Mark’s gospel makes little sense if read as literal history, but it packs a powerful punch when read with a mind swept clean of all the other gospel accounts.
The punch the Gospel of Mark hit me with recently was its sentence noting John the Baptist’s baptism of Jesus. It’s bizarre if we try to read it as biography or history. But it makes for a great symbolic message about the identity and function of Jesus.
The Gospel begins with John declaring that one far greater than he is to come from God and cover his followers not with water but with the holy spirit. The preamble has informed readers that this coming one is to be the one of whom the Prophets said is the Lord himself. Everyone came out repenting and being baptized.
Then Jesus came along and John baptized him too.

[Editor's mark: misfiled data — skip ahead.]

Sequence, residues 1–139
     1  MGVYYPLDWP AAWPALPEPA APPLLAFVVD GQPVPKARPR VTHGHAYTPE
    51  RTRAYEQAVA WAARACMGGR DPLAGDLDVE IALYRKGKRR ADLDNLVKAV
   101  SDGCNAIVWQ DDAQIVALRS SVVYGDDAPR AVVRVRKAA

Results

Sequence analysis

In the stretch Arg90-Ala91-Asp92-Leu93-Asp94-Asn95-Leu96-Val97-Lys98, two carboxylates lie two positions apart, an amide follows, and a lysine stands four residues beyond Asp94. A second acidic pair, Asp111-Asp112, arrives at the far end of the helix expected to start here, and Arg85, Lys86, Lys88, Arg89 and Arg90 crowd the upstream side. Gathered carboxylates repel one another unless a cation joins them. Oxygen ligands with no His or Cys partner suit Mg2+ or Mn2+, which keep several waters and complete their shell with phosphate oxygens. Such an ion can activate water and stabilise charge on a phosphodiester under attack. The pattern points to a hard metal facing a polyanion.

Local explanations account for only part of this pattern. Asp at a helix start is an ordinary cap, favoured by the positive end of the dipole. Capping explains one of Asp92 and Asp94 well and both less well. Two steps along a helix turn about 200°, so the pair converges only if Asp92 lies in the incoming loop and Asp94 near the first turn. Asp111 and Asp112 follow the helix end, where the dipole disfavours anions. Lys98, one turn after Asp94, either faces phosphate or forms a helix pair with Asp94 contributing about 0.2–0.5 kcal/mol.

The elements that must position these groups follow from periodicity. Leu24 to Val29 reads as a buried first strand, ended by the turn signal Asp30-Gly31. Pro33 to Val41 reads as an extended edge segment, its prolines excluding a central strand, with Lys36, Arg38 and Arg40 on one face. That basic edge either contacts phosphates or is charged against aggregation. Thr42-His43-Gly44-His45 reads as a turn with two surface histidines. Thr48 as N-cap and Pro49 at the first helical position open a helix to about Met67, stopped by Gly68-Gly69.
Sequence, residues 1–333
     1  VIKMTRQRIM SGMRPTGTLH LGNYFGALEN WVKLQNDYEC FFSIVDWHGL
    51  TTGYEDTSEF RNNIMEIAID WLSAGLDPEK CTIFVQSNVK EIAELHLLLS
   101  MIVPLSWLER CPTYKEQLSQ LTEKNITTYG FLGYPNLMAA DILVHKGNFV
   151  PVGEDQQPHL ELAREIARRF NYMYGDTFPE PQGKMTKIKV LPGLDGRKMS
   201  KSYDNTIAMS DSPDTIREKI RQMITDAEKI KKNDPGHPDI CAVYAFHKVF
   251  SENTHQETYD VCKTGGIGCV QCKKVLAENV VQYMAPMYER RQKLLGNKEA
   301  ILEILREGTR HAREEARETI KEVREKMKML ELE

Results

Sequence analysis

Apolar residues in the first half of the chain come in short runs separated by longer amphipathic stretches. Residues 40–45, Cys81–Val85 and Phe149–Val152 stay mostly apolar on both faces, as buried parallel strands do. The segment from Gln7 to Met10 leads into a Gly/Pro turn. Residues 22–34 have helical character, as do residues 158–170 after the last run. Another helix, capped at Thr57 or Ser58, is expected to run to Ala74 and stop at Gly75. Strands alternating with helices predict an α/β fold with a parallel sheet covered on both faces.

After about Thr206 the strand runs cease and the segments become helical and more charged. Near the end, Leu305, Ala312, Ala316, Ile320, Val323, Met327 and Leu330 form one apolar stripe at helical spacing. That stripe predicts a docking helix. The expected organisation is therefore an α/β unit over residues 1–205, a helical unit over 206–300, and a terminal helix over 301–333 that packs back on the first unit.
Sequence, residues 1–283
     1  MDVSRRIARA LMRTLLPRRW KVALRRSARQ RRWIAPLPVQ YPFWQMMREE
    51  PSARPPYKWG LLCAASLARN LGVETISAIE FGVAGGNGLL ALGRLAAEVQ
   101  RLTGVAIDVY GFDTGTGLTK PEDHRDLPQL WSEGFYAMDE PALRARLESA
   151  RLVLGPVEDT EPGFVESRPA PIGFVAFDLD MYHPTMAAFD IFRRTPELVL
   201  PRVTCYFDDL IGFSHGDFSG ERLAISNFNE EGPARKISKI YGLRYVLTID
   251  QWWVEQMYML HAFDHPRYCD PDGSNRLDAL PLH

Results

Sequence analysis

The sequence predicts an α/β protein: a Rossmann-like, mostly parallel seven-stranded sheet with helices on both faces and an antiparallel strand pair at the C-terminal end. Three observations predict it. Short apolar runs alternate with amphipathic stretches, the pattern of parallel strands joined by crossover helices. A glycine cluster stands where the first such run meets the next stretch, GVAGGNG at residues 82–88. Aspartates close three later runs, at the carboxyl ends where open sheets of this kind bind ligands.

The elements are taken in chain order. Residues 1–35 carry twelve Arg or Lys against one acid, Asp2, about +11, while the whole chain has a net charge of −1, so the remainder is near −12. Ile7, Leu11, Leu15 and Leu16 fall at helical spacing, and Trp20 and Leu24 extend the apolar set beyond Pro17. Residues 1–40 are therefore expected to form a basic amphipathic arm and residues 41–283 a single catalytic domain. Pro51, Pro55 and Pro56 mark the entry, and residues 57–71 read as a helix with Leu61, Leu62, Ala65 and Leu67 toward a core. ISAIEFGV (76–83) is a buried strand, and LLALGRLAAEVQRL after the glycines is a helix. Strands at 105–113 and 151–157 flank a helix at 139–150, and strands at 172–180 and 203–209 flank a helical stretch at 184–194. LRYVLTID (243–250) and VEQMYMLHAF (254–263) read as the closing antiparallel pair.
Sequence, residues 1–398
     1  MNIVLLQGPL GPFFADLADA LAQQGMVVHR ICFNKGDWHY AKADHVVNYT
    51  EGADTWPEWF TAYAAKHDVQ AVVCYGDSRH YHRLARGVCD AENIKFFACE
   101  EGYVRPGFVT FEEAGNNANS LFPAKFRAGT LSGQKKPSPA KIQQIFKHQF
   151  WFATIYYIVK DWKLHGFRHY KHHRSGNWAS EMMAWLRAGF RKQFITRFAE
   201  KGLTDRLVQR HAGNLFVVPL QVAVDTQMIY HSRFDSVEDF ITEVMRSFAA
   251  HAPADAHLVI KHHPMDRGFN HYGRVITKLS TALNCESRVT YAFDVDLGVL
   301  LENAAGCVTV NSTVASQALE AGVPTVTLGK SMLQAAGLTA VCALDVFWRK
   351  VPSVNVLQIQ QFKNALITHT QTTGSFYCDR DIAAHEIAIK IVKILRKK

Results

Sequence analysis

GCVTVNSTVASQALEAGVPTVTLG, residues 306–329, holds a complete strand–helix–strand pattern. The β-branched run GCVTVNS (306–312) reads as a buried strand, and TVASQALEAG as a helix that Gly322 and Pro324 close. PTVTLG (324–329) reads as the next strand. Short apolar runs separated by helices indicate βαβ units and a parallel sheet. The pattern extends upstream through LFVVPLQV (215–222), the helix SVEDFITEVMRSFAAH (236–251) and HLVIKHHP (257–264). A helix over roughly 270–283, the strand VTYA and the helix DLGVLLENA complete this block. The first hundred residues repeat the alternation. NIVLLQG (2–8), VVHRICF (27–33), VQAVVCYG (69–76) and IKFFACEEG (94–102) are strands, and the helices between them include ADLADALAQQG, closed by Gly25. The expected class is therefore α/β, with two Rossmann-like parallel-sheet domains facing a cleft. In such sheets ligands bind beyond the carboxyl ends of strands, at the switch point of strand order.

And that’s it. Mark gives not the slightest hint that John baulked and said, Hey, you’re the one! Nope. It’s as if Jesus was the last in line and John routinely baptized him like all the rest.
Then up from the water came Jesus and “he” (only) saw the spirit descending to him like a dove. No one else saw this or the heavens splitting apart, and no-one but Jesus heard the voice from heaven declaring him to be God’s son.
This is strange. It is especially strange if, as many modern interpreters like to think, Jesus was originally a follower of John the Baptist.
No, what Mark is doing here is entirely at a literary level. Continue reading “Did not even John the Baptist recognize Jesus at the Jordan River?”